Bringing clarity to Clearing

Impartial advice is what counts for students who don’t make the grade, and help is just a call away, explains Stephen Hoare

The publication of a student's exam subject grades in mid-August is the culmination of two years of sixth-form study and weeks of anxious waiting over the summer. A student's grades or point score will either confirm a place at their first or second (insurance) choice of undergraduate degree and university or herald the start of Clearing.

Clearing is managed by the Universities and Colleges Admissions Service (Ucas), which handles university applications across Britain. It is the conclusion of a process that began in January when students had to submit a single application, via the Ucas website, listing their five choices of degree and institution in order of preference. Students can apply through Ucas right up to the end of June.

8 very rich and famous people with crummy A-levels – or none at all

Applications process

During the applications process, universities will have contacted candidates via Ucas, arranged interviews and made offers via an online platform called Track. Using a unique username and password, students are able to see the status of their application and when a firm offer is made by a student's first choice of university, this then cancels out all other applications with the exception of their insurance choice – a second offer normally made on the basis of a slightly lower grade requirement. A preferred offer could be two As and a B. An insurance offer may be two Bs and a C.

During Clearing it is very important to check on your status on Track, and to keep Ucas updated with any new offers of places from universities you approach. Most universities refer to grades in terms of the A-level marks A, B, or C.

But students can apply to university with a mix of A-level and vocational qualifications, or even entirely different exams such as the SQA Highers for Scotland or the International Baccalaureate. The Ucas website carries a table giving the different exam grade equivalents in terms of a point score or tariff.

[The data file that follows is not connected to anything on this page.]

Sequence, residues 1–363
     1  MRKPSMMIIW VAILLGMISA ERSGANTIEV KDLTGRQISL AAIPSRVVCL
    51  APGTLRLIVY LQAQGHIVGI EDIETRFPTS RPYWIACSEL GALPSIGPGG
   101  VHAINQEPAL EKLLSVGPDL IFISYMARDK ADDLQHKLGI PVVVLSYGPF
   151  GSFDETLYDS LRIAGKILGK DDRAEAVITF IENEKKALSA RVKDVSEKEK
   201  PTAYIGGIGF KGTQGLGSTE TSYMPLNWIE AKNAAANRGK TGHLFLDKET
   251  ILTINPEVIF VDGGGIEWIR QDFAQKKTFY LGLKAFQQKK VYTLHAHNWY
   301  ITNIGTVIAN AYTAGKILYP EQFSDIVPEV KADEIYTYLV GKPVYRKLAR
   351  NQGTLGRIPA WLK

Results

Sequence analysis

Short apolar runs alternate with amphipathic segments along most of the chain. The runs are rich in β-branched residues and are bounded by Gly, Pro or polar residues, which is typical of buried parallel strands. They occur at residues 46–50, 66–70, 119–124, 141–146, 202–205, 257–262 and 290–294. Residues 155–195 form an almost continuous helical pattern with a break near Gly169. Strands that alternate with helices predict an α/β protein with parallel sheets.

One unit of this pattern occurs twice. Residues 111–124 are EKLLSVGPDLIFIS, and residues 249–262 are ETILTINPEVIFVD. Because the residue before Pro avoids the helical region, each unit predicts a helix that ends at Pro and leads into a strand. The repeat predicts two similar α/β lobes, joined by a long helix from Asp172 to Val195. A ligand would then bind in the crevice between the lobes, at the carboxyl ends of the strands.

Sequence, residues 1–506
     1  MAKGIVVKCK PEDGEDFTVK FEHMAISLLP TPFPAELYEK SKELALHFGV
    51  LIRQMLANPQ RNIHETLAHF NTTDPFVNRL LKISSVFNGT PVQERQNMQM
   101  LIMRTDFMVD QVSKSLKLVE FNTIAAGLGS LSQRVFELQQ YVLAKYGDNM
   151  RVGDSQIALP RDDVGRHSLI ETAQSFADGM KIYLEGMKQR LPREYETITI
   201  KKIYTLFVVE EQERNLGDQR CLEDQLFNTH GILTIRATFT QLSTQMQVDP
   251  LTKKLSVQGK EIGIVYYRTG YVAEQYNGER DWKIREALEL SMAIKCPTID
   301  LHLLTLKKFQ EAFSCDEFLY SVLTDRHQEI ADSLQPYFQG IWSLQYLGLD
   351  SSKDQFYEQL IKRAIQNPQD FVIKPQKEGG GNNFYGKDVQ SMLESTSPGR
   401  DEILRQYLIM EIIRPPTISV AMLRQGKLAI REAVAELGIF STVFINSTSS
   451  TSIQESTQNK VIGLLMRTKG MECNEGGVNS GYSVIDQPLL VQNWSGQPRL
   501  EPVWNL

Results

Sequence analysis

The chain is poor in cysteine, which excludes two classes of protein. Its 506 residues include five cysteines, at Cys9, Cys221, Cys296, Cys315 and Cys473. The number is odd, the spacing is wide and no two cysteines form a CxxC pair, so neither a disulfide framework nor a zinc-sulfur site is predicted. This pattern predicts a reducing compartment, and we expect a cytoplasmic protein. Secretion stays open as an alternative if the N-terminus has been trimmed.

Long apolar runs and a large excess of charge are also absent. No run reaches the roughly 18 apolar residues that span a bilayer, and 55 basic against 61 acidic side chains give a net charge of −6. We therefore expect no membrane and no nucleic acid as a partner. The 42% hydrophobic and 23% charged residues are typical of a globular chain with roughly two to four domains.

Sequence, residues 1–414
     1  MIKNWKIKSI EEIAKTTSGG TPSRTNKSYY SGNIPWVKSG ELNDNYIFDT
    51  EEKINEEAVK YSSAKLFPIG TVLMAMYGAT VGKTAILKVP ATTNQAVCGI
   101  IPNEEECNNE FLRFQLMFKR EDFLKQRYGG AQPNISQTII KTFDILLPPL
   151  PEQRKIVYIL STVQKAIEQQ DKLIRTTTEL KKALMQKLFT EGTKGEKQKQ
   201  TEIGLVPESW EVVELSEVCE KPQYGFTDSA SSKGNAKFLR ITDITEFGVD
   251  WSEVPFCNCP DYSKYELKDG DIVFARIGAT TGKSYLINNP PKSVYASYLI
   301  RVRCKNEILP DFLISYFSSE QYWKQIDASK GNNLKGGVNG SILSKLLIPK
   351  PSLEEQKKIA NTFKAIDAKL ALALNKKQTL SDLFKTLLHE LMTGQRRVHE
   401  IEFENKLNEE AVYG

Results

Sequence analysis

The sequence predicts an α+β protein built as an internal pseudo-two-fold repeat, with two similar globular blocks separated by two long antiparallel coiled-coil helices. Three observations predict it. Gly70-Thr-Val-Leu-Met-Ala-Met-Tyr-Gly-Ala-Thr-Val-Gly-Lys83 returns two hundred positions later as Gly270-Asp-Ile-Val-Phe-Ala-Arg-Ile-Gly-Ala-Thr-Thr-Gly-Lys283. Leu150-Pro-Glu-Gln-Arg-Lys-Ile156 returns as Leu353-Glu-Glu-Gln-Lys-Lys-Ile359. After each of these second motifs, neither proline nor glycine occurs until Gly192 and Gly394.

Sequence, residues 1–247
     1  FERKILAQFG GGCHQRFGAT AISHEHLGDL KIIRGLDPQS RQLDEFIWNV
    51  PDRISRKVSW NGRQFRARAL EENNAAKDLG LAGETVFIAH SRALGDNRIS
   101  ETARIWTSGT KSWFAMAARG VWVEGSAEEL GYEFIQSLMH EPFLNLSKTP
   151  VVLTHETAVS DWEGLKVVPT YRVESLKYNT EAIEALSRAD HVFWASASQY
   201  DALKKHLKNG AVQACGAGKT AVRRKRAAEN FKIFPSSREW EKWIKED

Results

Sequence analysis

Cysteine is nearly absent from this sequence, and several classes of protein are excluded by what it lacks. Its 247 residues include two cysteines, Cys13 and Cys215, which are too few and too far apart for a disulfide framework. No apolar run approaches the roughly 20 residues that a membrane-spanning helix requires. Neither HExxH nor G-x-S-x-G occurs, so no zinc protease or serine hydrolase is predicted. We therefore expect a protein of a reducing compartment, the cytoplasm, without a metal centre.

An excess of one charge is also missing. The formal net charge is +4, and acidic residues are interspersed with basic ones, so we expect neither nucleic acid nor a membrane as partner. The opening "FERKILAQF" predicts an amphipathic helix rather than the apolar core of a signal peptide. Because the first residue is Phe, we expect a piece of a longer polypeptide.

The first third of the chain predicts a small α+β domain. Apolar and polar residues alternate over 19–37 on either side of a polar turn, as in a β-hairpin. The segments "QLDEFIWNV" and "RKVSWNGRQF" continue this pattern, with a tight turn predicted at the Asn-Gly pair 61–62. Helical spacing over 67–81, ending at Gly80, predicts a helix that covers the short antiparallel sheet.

Clearing, open from August through to the end of September, is a time when students who have not managed to achieve the grades they needed to be accepted by their first choice or their insurance can contact universities directly by phone to discuss available options, and find a degree they are happy with. Information on available degree courses can be found on the Ucas website and a list of Clearing vacancies is posted and updated continuously.

Crunch time

During Clearing, university admissions departments and student services helplines are fully manned with staff able to offer advice and discuss options, including making a provisional offer if the student finds the right course. "Our lines are open from 8am to 7pm on results day, so phone us," says Kathryn Rees, operations manager at the University of South Wales.

University admissions tutors will have already seen student grades, which are released to them on the Sunday evening prior to the results being sent out to students on the following Thursday. University admissions departments will have a clear idea of how many Clearing places they will have to offer. In the run-up to results day, universities will be checking student grades and confirming their offers. The conversion of a conditional offer to a firm offer is flagged up on the student's page in Track.